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Study Highlights Need For Full COVID Vaccination to Protect Against Delta Variant

In the welter of news about the delta variant spreading around the world, one theme has emerged: This form of the virus that causes COVID-19 is challenging, but vaccination works to protect people against it.

A new study published Thursday in Nature adds new detail about the dominant variant, analyzing how well the delta strain, in a lab dish, was able to evade monoclonal antibody drugs such as bamlamivimab and natural antibodies made in our bodies after infection or vaccination. Looking at both kinds of antibodies in blood drawn from 162 patients and how they reacted to the delta variant, researchers from the Institut Pasteur in France found lower protection against the variant than against three other variants also notable for how easily they spread from person to person.

“This is an important study for confirming the immune evasiveness property of delta, which is a feature that adds to its enhanced transmissibility, making it the most formidable version of the virus to date,” Eric Topol, director and founder of the Scripps Research Translational Institute, told STAT. “No surprises, but further characterization of the variant, which reinforces why it is so challenging.”

The findings underscore the effectiveness of vaccines against the delta variant if people get the recommended two doses. They also highlight the added immunity a single dose of vaccine provides people previously infected with another COVID variant.

“All the data shows that people who are fully vaccinated still enjoy robust protection against delta and every other variant described so far,” said Angela Rasmussen, a virologist and research scientist affiliated with the Georgetown Center for Global Health Science and Security and VIDO-InterVac at the University of Saskatchewan. “Delta remains a threat primarily to unvaccinated or partially vaccinated people.”

Indeed, the study found the lack of protection against the delta variant compared to two other recent variants — alpha and beta — and a reference variant similar to the early virus, was most pronounced in unvaccinated, uninfected people. The delta strain now accounts for more than half of COVID-19 infections in the United States, the Centers for Disease Control and Prevention estimates. That proportion shoots up in certain states and soars in countries where vaccination levels are lower.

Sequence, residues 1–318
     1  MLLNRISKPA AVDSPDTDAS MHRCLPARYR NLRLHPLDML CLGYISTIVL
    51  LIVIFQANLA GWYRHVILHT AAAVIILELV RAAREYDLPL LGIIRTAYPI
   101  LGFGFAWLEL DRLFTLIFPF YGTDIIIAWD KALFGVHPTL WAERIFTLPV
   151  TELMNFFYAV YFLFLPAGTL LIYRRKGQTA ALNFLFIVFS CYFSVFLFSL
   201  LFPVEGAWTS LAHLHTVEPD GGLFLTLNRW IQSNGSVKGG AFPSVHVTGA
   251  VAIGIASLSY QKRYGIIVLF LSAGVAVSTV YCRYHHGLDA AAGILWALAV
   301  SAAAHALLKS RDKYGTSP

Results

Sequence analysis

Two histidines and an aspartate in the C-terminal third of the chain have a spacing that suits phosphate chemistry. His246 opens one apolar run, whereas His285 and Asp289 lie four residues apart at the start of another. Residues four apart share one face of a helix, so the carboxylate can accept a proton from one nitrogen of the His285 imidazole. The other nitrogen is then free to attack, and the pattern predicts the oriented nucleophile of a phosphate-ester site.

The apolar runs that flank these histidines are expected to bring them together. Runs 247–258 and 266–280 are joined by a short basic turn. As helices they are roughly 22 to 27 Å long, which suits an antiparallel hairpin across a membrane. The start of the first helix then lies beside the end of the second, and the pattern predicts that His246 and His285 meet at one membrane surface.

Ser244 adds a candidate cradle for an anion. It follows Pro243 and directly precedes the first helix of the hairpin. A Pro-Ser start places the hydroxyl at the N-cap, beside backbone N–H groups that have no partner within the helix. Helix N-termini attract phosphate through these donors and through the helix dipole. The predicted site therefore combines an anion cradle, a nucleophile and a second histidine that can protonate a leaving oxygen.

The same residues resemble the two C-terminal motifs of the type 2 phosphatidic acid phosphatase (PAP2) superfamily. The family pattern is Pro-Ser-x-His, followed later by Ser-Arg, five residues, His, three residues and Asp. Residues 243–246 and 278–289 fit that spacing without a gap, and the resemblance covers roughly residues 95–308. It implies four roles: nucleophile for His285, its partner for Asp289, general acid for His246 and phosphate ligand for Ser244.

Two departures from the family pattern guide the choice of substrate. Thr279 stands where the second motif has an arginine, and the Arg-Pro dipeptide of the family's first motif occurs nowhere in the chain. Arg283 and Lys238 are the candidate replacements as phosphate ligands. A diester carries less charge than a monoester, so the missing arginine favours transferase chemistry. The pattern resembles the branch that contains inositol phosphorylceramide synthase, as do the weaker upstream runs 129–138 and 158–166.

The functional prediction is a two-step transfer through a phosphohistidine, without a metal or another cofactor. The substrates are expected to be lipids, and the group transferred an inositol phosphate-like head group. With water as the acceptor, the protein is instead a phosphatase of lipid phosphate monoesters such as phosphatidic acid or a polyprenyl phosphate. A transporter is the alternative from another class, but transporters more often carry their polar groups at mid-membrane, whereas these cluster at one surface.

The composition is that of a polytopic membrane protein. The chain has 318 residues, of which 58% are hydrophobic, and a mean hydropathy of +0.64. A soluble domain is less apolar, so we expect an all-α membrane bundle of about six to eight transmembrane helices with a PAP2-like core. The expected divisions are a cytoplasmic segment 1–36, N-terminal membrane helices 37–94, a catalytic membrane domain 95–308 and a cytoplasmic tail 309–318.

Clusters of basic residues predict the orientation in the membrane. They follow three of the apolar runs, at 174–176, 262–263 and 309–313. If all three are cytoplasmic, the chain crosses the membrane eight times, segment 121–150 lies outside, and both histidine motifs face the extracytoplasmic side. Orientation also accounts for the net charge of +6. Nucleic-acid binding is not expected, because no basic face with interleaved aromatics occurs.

Antibodies from 56 people who were infected with SARS-CoV-2 in the past did not neutralize the delta variant very well, but after one dose of either the AstraZeneca, Pfizer/BioNTech, or Moderna vaccines, antibodies from all 56 neutralized all four strains.

That makes sense, Rasmussen said, because there is a much larger range in both the magnitude and potency of immune responses in infection compared to vaccination.

Topol said we need to know more about the variant, which first emerged in India and has been surging in England.

“It is concerning about the natural immunity providing less protection, but to date [Public Health England-UK] has not demonstrated that to be a major issue,” Topol said. “Certainly more study about reinfection vulnerability to delta is vital.”

In uninfected people who had only their first vaccine dose, their antibodies weren’t up to the task until after their second dose, when protection against the delta variant jumped to 88% of the people studied for AstraZeneca and 100% for Pfizer.

“The data about a steep reduction in neutralization in people with only one shot is consistent with real-world data on delta from partially vaccinated people, which shows that people with only one shot don’t have much protection against delta relative to unvaccinated people,” Rasmussen said.

Monoclonal antibodies were unable to bind to the spike protein of the delta variant, the study found, which prevented them from neutralizing the virus. Like other variants of concern, delta harbors changes in the characteristic spike protein that gives the coronavirus its name.

“Our results demonstrate that the emerging variant delta partially but significantly escapes neutralizing [monoclonal antibodies], and polyclonal antibodies elicited by previous SARS-CoV-2 infection or vaccination,” the paper’s authors wrote. “These results strongly suggest that vaccination of previously infected individuals will be most likely protective against a large array of circulating viral strains, including variant delta.”

The study’s limitations include its small size, its authors noted. They did not respond to requests for comment.

Rasmussen cautioned that the research took place in a lab.

“Evasion of neutralizing antibodies in vitro do not explain what happens in the real world, and also fail to account for the breadth and complexity of the immune response, which is not restricted to neutralizing antibodies,” she said. “Based on what we’ve seen so far in people, vaccines continue to offer strong protection — particularly regarding severe illness and death — against all known variants of concern.”

This story was originally published by STAT, an online publication of Boston Globe Media that covers health, medicine, and scientific discovery.

Copyright 2021 KQED